The northern Italian region of Tuscany offers visitors an overwhelming experience for the senses, with the sounds of its music, the smells of its cooking and the visual richness of its distinctive style.
"One need never to go into a museum in Florence," wrote Brian Storts, "for that fair city is a feast to the eyes. It is like walking into history itself." Florence and its surrounding towns - Sienna, Montepucciano, Pisa, Arrezo - are situated in the heart of Tuscany’s rolling hills. The Tuscan landscape is flecked with Terra-cotta rooftops and cypress trees, and by the soft, sun-drenched hues of local marble and clay.
Tuscan style evolved through layers of history, taking cues from the earliest Etruscan metal craft and pottery, and of course, from the sumptuous world of the Italian Renaissance. In Tuscany one finds frescoes, cracked and worn by time, still vibrant with original pigment, depicting ancient deities and the decadence of the late Roman empire. Mosaic tiles, wrought iron gates and portals, distinctive bridges and architecture all reinforce the unique Tuscan identity, a particular expression of the Italian soul. Michelangelo, Caravaggio, Brunelleschi, Botticelli, and Cimabue all contributed to Tuscan splendor. It’s no wonder Tuscany plays a substantial role in Italian culture and identity.
Using color at home or in the office - for paintings, furniture or any artistic challenge - takes a good eye, a little know how, and a creative imagination. Create custom color schemes and color effects in your home or office. Learn how to use the best base color, create a glaze, mixing colors, and more.
Cast plaster decorative plaster ceiling medallions and roses.
Hand crafted in the US, these fine plaster ornaments are cast to order making it the real deal. Many designs are from direct historic precident. You'll find just about anything to meet your style.
Classic proportions. Tuscan rooms typically are beautifully proportioned on classical lines. Ceiling height, the size and scale of such features as the fireplace, windows and doors--as well as the furniture--all play an important role in creating balance and harmony within the room
Feature tutorial. The 'Classic Antique Glaze'. Antiquing is the process of aging a surface to produce a time-worn appearance. There are many methods of antiquing, and mastering these few simple steps you can successfully handle the antiquing of untold objects, furniture, mural paintings and wall surface finishing.
Details ceiling beam supports
Inlay marble and tile
The wall treatments of the Italian home act as support for the rest of the interior. One sees wall painting, from Frescoes to murals, beginning in the earliest days of Italian culture.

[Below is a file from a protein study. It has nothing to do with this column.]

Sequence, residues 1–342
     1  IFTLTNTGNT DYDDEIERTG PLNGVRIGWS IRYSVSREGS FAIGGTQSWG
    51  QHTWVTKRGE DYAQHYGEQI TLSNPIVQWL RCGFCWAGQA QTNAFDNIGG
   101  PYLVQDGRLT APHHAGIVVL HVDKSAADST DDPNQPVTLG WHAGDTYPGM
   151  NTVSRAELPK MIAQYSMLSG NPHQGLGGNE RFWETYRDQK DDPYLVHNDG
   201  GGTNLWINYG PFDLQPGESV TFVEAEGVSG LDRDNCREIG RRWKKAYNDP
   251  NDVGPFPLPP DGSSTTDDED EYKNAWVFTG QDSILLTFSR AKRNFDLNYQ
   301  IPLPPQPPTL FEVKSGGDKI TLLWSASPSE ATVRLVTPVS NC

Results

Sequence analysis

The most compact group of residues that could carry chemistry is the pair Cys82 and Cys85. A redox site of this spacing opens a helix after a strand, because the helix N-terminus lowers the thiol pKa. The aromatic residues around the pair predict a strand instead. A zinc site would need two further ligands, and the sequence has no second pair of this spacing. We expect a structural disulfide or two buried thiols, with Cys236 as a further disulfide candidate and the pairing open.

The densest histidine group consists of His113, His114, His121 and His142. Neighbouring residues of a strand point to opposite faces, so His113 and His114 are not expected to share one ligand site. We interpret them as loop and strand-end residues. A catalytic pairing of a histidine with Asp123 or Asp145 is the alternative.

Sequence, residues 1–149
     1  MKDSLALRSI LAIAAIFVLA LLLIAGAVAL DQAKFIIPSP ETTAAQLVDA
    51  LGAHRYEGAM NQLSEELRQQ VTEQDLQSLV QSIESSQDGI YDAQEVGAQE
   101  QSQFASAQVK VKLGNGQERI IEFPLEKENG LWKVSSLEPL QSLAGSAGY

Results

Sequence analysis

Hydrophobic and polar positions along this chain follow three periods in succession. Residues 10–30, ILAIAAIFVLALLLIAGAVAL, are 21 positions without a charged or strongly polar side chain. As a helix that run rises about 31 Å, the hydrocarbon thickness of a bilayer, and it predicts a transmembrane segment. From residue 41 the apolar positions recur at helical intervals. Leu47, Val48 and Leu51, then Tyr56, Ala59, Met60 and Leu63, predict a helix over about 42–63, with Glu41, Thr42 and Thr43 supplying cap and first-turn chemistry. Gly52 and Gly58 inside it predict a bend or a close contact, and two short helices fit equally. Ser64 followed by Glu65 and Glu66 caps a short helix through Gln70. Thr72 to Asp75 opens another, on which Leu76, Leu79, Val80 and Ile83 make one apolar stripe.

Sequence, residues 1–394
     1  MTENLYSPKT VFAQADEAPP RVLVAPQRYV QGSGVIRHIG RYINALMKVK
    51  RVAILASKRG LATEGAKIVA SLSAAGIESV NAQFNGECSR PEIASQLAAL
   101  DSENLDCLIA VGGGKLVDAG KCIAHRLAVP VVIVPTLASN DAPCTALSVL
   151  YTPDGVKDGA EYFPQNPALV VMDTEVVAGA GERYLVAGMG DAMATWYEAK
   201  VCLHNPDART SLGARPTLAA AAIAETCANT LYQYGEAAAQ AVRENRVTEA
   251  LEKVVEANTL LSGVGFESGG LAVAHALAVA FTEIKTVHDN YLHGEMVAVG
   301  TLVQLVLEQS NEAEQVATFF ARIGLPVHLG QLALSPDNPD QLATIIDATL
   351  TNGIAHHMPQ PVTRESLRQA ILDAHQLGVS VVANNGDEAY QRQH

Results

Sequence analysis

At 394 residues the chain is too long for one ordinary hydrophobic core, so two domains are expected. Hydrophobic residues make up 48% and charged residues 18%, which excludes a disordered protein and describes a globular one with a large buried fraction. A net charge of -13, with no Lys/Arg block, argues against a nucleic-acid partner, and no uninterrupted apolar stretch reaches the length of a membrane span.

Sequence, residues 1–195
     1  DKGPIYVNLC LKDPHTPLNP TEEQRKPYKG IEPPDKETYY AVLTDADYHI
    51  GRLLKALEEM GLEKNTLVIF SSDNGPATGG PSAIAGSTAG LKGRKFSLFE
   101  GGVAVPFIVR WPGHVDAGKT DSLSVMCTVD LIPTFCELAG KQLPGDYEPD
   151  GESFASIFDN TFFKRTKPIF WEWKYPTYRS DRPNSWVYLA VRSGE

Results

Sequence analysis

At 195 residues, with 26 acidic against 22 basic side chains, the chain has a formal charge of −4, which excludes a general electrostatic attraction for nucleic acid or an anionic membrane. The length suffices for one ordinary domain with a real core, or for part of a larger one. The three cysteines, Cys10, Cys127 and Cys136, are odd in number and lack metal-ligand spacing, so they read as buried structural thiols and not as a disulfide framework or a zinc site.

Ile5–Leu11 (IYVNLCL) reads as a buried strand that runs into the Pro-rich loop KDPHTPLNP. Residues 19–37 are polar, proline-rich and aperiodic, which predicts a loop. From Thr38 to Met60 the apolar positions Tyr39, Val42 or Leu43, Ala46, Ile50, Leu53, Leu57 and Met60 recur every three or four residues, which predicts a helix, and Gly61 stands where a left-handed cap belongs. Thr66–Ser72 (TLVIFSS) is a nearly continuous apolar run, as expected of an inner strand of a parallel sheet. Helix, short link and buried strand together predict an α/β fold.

Plaster walls, stucco-lustro and marmorino walls all evoke the classic Italian feeling. Hand painted wall treatments and decorative patterns enhanced common spaces, as seen on the right.
Use of Tapestries, gold leaf and ornate detailing such as plaster moldings all helped to define the interior, often bringing historical context and stylistic vigor to the home.
Painted tiles, colorful plates and Marino glass from Venice, fall naturally within the Tuscan aesthetic. Wrought iron objects such as sconces and candle holders support the mix of earthen materials found within the home. Metal, stone, fabric, and plaster walls all combine to create this natural Italian style.
Rich, textured ceiling medallions juxtaposed with simply plaster moldings create elegance and a sense of comfort. Classic clouds with cherubs or putti playfully suspended above our heads quickly come to mind as Italian style. Old wood beams would evoke a rustic look, while stenciled borders and vaulted or paneled ceilings create an architectural framework uniquely expressive of this style.
Terre-cotta tiles, glazed ceramic and marble inlay in intricate patterns are a few examples of the Italian sensitivity to design that carry through from ceiling and walls to the floors. Different types of marble create a color palette that defines the exquisite floors of The Duomo in Florence. Raw Sienne, umbers, rose pink, yellows and the pure white marbles from Carrara, above Pisa, all become the tools of the skilled craftsmen and artists. Pale travertine is often still used in homes and stores. Terrazzo floors, made from marble chips ground with crushed stone and stucco, polished to a smooth surface create new and diverse patterns to experiment with. Mosaic work, often of glass, stone or tile adds flare and energy. And of course, the wooden floor can be left plain or adorned with Persian rugs—which were originally imported by Venetian and Genoese merchants in medieval times.
Silks, velvets and hand woven brocades fill the home on furnishings, curtains and bedding. Lacework and linens add a bit more texture to the environment and rich damask patterns, tone on tone, are used effectively in all rooms.
Furniture varies greatly. From rustic, folk pieces to the classic veneered and hand painted items. Inlay and gilt details all support the rich visual texture of the interior environment.
Authentic Tuscan Style lighting, chandaliers and sconces. Wrough iron chandaliers are great entry hall lights that set the stage for your Tuscan Style interior. Sconces purposley placed on stucco walls or modern glass and polished nickle create a modern aesthetic.